You are browsing the archive for wind farms.

Alternative energy: North Dakota’s prairie winds waning

April 5, 2012 in Grand Forks Herald

The state’s once-booming wind energy sector faltersThe Coteau des Prairie hills that form a hummocky spine through McIntosh County provide a perfect platform for wind turbines. They’ve been chosen as the site for a sprawling 200-megawatt wind farm six miles north of here one of 20 wind projects that have been permitted or are in the regulatory pipeline in North Dakota. Continue Reading

Birds focus of newly unveiled wind power guidelines

March 23, 2012 in Grand Forks Herald

A bird advocacy group that lobbied for mandatory standards said the new, voluntary guidelines will do little to protect hundreds of thousands of birds killed each year by wind turbines. Interior Secretary Ken Salazar said the guidelines, which take effect immediately, provide a scientific basis for developers and government regulators to identify sites with low risk to wildlife while allowing for more wind energy projects on private and public lands. Continue Reading

Xcel fails to reach lawsuit settlement with enXco over stalled $400 million N.D. wind farm

March 20, 2012 in Grand Forks Herald

Xcel Energy and enXco Development Corp. of San Diego had planned to build a 150-megawatt wind farm named Merricourt in southeastern North Dakota last year until the U.S. Fish and Wildlife Service said the project could harm nearby plovers and whooping cranes, both protected species.
Minneapolis-based Xcel pulled out of the project and enXco and Xcel sued one another. Continue Reading

SD Legislature approves tax breaks for wind farms

March 1, 2012 in The Daily Republic

PIERRE (AP) The South Dakota Legislature has passed a measure that would refund about half the construction taxes for large wind energy projects and an environmental upgrade at the Big Stone Power Plant. Continue Reading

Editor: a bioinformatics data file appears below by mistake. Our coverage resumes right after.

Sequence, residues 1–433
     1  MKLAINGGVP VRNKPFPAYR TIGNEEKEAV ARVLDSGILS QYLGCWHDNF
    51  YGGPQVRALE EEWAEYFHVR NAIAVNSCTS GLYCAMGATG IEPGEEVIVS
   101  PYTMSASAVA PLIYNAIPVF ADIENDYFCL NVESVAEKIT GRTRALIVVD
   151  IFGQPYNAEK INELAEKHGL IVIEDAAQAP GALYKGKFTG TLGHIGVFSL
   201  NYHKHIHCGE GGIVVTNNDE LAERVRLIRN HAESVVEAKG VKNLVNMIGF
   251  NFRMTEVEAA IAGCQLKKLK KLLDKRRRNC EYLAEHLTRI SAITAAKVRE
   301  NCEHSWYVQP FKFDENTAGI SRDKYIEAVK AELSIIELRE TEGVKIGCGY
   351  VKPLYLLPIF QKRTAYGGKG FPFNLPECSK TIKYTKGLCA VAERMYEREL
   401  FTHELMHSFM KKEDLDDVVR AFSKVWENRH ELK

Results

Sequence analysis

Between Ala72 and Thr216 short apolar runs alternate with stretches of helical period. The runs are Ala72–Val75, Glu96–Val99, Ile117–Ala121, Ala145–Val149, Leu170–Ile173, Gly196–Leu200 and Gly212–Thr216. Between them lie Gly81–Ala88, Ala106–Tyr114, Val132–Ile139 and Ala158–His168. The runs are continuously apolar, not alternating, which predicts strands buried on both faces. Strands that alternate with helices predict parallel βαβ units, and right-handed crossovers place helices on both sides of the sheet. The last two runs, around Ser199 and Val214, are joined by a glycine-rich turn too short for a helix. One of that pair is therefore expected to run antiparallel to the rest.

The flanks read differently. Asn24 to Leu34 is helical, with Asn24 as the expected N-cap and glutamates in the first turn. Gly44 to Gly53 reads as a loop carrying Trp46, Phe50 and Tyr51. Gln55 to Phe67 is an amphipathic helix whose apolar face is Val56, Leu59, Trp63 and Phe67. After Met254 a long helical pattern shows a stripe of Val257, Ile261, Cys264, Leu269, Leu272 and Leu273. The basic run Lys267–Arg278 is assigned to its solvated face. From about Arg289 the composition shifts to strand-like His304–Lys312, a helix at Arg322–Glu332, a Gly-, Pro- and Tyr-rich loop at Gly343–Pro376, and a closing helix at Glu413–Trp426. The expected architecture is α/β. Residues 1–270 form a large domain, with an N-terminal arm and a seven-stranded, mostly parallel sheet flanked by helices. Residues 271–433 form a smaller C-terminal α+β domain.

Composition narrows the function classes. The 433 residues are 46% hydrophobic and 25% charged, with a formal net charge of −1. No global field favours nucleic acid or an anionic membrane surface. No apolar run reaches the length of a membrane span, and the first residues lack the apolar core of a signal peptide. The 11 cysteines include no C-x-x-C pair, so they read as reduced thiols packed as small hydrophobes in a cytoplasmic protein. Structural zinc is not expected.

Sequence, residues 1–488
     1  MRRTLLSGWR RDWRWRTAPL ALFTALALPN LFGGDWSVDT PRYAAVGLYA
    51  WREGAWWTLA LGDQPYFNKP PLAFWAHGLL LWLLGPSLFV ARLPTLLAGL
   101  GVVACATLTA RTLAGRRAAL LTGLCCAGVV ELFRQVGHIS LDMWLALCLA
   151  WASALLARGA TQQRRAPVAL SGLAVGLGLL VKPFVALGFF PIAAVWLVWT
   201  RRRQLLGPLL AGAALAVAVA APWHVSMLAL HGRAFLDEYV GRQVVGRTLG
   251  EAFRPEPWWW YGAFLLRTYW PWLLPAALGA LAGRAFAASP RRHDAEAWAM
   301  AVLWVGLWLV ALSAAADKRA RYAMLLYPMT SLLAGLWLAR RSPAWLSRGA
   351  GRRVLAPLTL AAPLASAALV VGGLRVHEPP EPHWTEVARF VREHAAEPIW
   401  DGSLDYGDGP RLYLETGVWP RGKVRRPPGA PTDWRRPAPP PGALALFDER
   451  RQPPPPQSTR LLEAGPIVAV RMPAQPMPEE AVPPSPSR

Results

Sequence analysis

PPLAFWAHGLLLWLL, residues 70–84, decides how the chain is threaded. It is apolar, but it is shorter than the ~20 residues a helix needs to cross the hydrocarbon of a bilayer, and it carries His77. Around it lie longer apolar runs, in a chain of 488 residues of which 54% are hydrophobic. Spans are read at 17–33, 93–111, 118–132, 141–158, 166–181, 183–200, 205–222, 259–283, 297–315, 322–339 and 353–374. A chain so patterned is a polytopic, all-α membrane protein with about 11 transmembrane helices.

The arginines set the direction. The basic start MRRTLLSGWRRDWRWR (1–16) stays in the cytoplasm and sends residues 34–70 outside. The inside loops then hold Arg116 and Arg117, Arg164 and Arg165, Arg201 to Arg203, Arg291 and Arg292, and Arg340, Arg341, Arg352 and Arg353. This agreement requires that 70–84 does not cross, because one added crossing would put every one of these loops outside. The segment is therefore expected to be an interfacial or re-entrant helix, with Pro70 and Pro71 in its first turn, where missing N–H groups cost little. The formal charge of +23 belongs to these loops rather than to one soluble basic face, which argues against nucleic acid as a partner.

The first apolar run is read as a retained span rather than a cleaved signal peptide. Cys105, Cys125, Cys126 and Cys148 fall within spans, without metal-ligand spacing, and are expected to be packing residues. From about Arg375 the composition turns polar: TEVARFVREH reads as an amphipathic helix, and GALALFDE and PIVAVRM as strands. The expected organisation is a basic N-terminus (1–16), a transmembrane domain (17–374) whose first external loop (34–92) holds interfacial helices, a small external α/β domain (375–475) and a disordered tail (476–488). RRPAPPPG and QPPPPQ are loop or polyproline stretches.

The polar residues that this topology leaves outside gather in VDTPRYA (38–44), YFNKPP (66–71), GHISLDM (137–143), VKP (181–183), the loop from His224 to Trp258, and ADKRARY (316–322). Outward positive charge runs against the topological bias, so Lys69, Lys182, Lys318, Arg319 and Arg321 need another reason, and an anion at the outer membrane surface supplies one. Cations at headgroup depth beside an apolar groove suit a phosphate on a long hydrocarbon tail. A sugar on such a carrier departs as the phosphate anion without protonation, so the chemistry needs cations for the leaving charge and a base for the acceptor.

South Dakota wind projects can’t keep pace with North Dakota

January 17, 2012 in Grand Forks Herald

Lack of power lines limits developmentNorth Dakota is expected to add hundreds of megawatts of wind energy this year, while development has slowed to a near stop in South Dakota. The difference seems to be the availability of high-voltage power lines to ship the power to cities that need it. Continue Reading

Opponents say Goodhue County wind project will destroy raptor habitat

December 19, 2011 in Grand Forks Herald

The Minnesota Public Utilities Commission has approved the plan to place the turbines on 32,000 acres of land in Goodhue County. But, county Commissioner Ron Allen says regulators failed to consider an avian study that says the turbines would interfere with habitat for eagles, hawks and other birds.
Continue Reading

Fordville railroad on the right track

November 6, 2011 in Grand Forks Herald

When wind farms started dotting the landscape of northeast North Dakota a few years ago, Northern Plains Railroad developed a wind component handling facility in Devils Lake to help deliver turbines and blades to the Langdon Wind Energy Center in Cavalier County and the Rugby Wind Power Project in Pierce County. Continue Reading

N.D. oil patch, wind farms getting foreign press visit

October 5, 2011 in Grand Forks Herald

Journalists from several foreign countries came to North Dakota this week to report on the state’s oil patch and wind energy development. Continue Reading

Government OKs building plan for Massachusetts offshore wind farm

April 19, 2011 in Grand Forks Herald

A federal agency approved a construction and operations plan for the Cape Wind project off the Massachusetts coast, clearing the way for work to begin on America’s first offshore wind farm as early as this fall, U.S. Interior Secretary Kenneth Salazar announced today. Continue Reading

OUR OPINION: Wind power and birds: Location, location, location

April 11, 2011 in Grand Forks Herald

“On balance, Audubon strongly supports wind power as a clean alternative energy source that reduces the threat of global warming. Location, however, is important.”
That’s the official position of the National Audubon Society, and it’s a reasonable approach for society in years to come. Continue Reading

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